Right Pearl: if you’re going to survive in your new separate life, you’re going to have to (occasionally) cook yourself some food. So let’s get started with some basic, nourishing and easy options.
1. Rice Paper Rolls (aka Summer Rolls; Fresh Spring Rolls; etc.)
Possibly the simplest, quickest, cheapest and healthiest option.
You will need:
- Bahn Trang = Rice papers. Buy the larger square ones for preference. These keep indefinitely. You just have to make sure you’ve got enough on hand before you start.
- Rice vermicelli (the thinnest noodle made out of rice)
- 1 tin tuna (or about 200g fresh fish, fried)
- Julienned vegetables such as carrot, cucumber, beans, lettuce, cabbage, bean sprouts, etc.
- Fresh mint and/or Vietnamese mint
- Dipping sauce (either a bought, ready-made one or make your own using rice wine vinegar, fish sauce, chilli, garlic, sugar, carrot and water)
To make (allow 15-20 mins prep)
1. Place about 1 layer of rice vermicelli in a large bowl and pour a jugful of boiling water over it. As it softens make sure all of it is pushed under water. Leave to soak until you’re ready to serve (about 20 mins).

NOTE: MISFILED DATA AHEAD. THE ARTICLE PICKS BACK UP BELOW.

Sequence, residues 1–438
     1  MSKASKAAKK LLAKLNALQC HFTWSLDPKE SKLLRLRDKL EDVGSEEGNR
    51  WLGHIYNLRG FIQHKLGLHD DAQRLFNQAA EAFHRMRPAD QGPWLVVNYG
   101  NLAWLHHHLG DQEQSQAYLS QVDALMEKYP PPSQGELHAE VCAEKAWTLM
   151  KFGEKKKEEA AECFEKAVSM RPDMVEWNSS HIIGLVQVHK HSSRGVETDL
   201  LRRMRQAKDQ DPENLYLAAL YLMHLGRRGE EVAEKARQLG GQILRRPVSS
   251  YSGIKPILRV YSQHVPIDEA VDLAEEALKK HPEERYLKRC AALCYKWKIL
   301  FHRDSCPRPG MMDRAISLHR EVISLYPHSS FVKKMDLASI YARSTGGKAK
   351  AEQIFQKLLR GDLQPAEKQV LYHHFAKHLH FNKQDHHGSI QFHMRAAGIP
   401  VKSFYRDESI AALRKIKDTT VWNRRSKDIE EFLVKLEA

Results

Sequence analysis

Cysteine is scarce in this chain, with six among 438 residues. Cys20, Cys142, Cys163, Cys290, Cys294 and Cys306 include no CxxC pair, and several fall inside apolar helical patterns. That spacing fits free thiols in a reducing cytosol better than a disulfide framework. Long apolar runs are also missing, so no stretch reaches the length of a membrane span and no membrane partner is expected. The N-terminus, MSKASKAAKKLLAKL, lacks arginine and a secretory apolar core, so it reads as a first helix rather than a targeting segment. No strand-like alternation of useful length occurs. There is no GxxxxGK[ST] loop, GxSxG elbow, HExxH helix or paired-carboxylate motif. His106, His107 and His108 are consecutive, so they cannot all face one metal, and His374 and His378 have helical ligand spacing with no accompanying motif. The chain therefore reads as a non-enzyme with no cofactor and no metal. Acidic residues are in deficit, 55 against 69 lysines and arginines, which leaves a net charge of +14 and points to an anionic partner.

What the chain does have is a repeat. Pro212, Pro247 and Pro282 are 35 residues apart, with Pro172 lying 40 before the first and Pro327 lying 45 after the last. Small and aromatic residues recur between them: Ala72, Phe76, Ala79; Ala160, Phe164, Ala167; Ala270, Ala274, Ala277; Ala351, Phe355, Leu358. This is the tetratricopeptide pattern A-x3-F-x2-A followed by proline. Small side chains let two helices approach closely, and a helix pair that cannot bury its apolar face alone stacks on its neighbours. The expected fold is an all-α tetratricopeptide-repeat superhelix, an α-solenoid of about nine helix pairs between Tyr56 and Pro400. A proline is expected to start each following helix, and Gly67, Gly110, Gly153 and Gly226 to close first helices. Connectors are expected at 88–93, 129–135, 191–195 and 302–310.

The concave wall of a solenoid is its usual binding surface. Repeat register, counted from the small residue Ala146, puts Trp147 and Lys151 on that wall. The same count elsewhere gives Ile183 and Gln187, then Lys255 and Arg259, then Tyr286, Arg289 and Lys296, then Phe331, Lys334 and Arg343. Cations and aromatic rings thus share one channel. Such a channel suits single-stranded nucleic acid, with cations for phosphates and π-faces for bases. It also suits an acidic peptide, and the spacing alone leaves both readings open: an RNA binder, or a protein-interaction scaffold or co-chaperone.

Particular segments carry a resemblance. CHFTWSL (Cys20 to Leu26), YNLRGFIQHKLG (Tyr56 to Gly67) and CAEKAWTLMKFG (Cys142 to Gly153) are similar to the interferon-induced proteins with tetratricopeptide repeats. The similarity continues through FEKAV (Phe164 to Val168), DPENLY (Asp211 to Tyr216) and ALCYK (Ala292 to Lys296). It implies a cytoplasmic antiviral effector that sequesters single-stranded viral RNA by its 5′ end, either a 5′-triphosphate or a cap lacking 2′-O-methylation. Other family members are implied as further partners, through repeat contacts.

2. Cut whole veges into julienne strips (i.e. about matchstick size, as long as you like). Lay out on a platter along with torn up mint leaves, beansprouts and drained vermicelli.
3. In a dry pan (i.e. a frying pan without oil) roast a handful of peanuts until they’re starting to colour. It doesn’t matter if they get to the point of having a few burnt spots. Put out onto a chopping board and leave to cool for a few minutes before roughly chopping up.
4. Empty your tin of tuna (allow one large tin per about 3-4 people) into a bowl after draining most of the oil and juice off first.
5. Part-fill a couple of bowls with dipping sauce. If making your own, in a large jar, measuring with a large serving spoon, add 1 measure sugar, 3 measures rice wine vinegar, 3 measures water, 2 measures fish sauce, finely chop 2 cloves garlic and 2 thai chillis, and a measure of finely julienned carrot. Put a lid on the jar and shake to completely dissolve the suguar. This will keep pretty indefinitely in the fridge.
6. Put all of your ingredients on the table along with a low-sided vessel large enough to hold a whole rice paper, filled with cold tap water (a roasting or flat baking dish is ideal).
7. Dip a sheet of rice paper in the water, lay on a flat plate and assemble fillings to your taste, folding over bottom and top before rolling up to prevent filling dropping out. Once assembled these will keep pretty well for, say, lunch the next day. Dip into sauce before eating.